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Yemen: UN urges to use 2-month truce to deliver humanitarian aid

Yemen: UN urges to use 2-month truce to deliver humanitarian aid


Sanaa, Riyadh: The United Nations cautioned that the humanitarian crisis in Yemen is deteriorating further, but a two-month truce, which started in early April, could help the situation improve, Agence France-Presse reported.

Late on Saturday, the UN humanitarian coordinator for Yemen, David Gressly, said that the worsening situation in the conflict-torn country must be addressed urgently.

He said that three-quarters of the Yemeni population- 23 million people- require urgent assistance there, which is almost an increase of three million people since 2021. He requested donors to take advantage of the truce to deliver aid to the Yemeni population.

He said that the truce is a vital opportunity for agencies to scale up delivering life-saving aids, reach out to more people quickly etc., in areas of armed conflict and insecurity. Further, the UN count on sufficient donor funding or the aid operation will collapse despite the positive momentum seen in Yemen today, he said.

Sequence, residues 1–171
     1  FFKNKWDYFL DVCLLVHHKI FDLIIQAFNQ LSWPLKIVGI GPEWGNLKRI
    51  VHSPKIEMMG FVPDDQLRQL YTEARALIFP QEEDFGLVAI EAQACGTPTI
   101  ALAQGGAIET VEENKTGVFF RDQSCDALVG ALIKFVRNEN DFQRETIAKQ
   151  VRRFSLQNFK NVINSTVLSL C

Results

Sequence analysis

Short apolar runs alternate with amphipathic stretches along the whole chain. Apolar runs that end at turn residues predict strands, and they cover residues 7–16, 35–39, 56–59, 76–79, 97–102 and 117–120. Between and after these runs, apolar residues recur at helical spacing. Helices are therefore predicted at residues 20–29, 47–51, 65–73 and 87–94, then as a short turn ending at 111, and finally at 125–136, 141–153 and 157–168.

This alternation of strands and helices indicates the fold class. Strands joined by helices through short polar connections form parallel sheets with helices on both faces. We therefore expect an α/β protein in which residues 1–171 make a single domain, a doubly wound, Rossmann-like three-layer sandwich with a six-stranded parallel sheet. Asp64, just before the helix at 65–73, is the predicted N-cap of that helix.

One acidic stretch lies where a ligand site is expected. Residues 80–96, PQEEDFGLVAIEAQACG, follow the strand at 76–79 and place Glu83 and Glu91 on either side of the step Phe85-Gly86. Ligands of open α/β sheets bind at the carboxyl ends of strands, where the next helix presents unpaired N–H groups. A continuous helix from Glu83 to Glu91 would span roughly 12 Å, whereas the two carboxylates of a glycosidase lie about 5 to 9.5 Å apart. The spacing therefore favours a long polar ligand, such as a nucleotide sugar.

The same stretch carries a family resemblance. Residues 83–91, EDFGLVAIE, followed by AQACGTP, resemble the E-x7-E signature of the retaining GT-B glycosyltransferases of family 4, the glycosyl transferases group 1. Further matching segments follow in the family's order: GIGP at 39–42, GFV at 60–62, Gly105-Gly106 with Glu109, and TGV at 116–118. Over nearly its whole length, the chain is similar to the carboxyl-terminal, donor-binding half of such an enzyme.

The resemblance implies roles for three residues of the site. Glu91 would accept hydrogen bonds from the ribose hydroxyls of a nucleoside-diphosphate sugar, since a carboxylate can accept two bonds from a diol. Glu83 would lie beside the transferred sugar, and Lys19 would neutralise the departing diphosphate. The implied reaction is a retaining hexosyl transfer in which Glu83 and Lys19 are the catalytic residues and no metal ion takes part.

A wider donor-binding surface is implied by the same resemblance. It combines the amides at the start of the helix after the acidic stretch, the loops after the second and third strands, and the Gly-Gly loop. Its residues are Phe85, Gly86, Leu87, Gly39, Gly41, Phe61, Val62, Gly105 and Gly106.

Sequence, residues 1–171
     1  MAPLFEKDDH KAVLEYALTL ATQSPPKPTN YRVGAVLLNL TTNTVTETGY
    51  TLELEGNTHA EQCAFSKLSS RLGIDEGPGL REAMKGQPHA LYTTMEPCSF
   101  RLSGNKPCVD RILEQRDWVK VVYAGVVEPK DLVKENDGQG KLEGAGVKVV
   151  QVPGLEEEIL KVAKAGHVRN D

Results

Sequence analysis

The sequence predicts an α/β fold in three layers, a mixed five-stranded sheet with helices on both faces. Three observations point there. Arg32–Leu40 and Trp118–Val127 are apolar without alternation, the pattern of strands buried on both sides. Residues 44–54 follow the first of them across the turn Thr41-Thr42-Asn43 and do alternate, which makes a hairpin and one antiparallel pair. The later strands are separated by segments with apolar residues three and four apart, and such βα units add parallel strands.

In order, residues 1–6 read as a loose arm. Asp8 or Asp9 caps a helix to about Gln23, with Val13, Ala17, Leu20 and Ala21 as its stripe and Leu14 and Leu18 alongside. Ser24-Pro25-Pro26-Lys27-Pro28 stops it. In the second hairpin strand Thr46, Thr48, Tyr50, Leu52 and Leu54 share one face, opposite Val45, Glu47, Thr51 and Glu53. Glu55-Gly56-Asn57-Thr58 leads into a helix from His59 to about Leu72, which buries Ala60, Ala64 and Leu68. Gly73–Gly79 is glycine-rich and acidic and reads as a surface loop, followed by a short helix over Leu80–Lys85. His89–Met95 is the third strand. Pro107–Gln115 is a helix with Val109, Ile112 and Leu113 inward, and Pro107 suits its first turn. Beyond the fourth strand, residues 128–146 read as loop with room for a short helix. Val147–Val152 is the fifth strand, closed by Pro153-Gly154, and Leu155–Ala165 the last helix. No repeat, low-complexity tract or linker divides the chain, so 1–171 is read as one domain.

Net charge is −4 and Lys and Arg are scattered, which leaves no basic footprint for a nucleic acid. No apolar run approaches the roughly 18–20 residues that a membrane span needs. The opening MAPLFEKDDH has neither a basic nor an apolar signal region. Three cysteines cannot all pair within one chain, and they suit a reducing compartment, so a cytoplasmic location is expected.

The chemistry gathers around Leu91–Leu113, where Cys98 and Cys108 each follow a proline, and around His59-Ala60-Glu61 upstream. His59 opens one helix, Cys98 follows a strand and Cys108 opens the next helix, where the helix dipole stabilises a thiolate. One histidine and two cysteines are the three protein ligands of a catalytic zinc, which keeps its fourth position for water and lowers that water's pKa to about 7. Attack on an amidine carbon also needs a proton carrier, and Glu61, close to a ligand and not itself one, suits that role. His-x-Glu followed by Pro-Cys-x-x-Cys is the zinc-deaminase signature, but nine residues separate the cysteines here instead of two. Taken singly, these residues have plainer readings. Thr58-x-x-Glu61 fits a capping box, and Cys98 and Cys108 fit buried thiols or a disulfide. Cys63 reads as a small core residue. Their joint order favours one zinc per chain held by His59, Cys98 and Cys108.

He said that to reverse the steady deterioration of the humanitarian situation in the country, the UN needs nearly $4.3 billion for its 2022 humanitarian response plan. The plan aims at benefitting 17.3 million people, while 13 million are already facing acute levels of need, he said.

Meanwhile, the president of Yemen's leadership council, Rashad Al-Alimi, said that his government respects the ceasefire and adheres to it though Houthis do not, Arab News reported. He noted that his council would save the consensus and the partnership to help Yemen, and he thanked Saudi Arabia and the United Arab Emirates for their helping hand toward his people.

AFP reports that 80 per cent of the 30 million people of Yemen is in need of assistance, and the truce has given them a short break from violence. To address the fuel shortages there, oil tankers were seen anchored in the port of Hodeida. The ceasefire also allowed commercial flights out of Sanaa's airport, a first in six years.

The Iran-backed Houthis have repeatedly violated the truce, which began at the start of Ramadan. The violations mainly occurred in the Marib area, where Houthis plan to take the resource-rich province from the government's control.

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TAGS:UAEYemenMiddle-eastHouthisRamadan 2022Saudi Arabia
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